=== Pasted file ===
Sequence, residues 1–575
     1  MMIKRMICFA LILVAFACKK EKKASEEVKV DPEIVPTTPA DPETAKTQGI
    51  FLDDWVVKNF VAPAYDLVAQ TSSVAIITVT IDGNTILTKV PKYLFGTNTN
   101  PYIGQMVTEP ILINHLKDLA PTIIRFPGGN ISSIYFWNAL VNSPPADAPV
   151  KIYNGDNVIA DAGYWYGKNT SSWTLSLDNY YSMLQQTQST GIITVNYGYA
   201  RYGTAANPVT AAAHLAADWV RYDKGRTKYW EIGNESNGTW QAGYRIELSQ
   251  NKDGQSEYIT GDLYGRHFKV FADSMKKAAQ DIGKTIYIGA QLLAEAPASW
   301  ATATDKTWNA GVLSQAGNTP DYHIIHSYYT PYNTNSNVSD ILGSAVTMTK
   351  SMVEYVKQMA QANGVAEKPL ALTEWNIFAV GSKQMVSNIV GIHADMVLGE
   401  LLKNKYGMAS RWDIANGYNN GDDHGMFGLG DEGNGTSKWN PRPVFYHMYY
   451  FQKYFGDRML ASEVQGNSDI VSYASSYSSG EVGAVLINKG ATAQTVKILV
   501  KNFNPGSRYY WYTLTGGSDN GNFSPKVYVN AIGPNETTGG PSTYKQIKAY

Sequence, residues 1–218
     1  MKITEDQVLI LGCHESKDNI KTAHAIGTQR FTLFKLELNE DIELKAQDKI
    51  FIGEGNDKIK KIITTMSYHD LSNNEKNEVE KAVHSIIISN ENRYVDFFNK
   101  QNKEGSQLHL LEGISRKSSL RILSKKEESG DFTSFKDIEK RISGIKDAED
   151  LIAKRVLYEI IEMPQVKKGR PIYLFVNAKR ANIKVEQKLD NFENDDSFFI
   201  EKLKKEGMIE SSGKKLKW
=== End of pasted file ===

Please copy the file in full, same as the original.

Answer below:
Sequence, residues 1–575
     1  MMIKRMICFA LILVAFACKK EKKASEEVKV DPEIVPTTPA DPETAKTQGI
    51  FLDDWVVKNF VAPAYDLVAQ TSSVAIITVT IDGNTILTKV PKYLFGTNTN
   101  PYIGQMVTEP ILINHLKDLA PTIIRFPGGN ISSIYFWNAL VNSPPADAPV
   151  KIYNGDNVIA DAGYWYGKNT SSWTLSLDNY YSMLQQTQST GIITVNYGYA
   201  RYGTAANPVT AAAHLAADWV RYDKGRTKYW EIGNESNGTW QAGYRIELSQ
   251  NKDGQSEYIT GDLYGRHFKV FADSMKKAAQ DIGKTIYIGA QLLAEAPASW
   301  ATATDKTWNA GVLSQAGNTP DYHIIHSYYT PYNTNSNVSD ILGSAVTMTK
   351  SMVEYVKQMA QANGVAEKPL ALTEWNIFAV GSKQMVSNIV GIHADMVLGE
   401  LLKNKYGMAS RWDIANGYNN GDDHGMFGLG DEGNGTSKWN PRPVFYHMYY
   451  FQKYFGDRML ASEVQGNSDI VSYASSYSSG EVGAVLINKG ATAQTVKILV
   501  KNFNPGSRYY WYTLTGGSDN GNFSPKVYVN AIGPNETTGG PSTYKQIKAY

Sequence, residues 1–218
     1  MKITEDQVLI LGCHESKDNI KTAHAIGTQR FTLFKLELNE DIELKAQDKI
    51  FIGEGNDKIK KIITTMSYHD LSNNEKNEVE KAVHSIIISN ENRYVDFFNK
   101  QNKEGSQLHL LEGISRKSSL RILSKKEESG DFTSFKDIEK RISGIKDAED
   151  LIAKRVLYEI IEMPQVKKGR PIYLFVNAKR ANIKVEQKLD NFENDDSFFI
   201  EKLKKEGMIE SSGKKLKW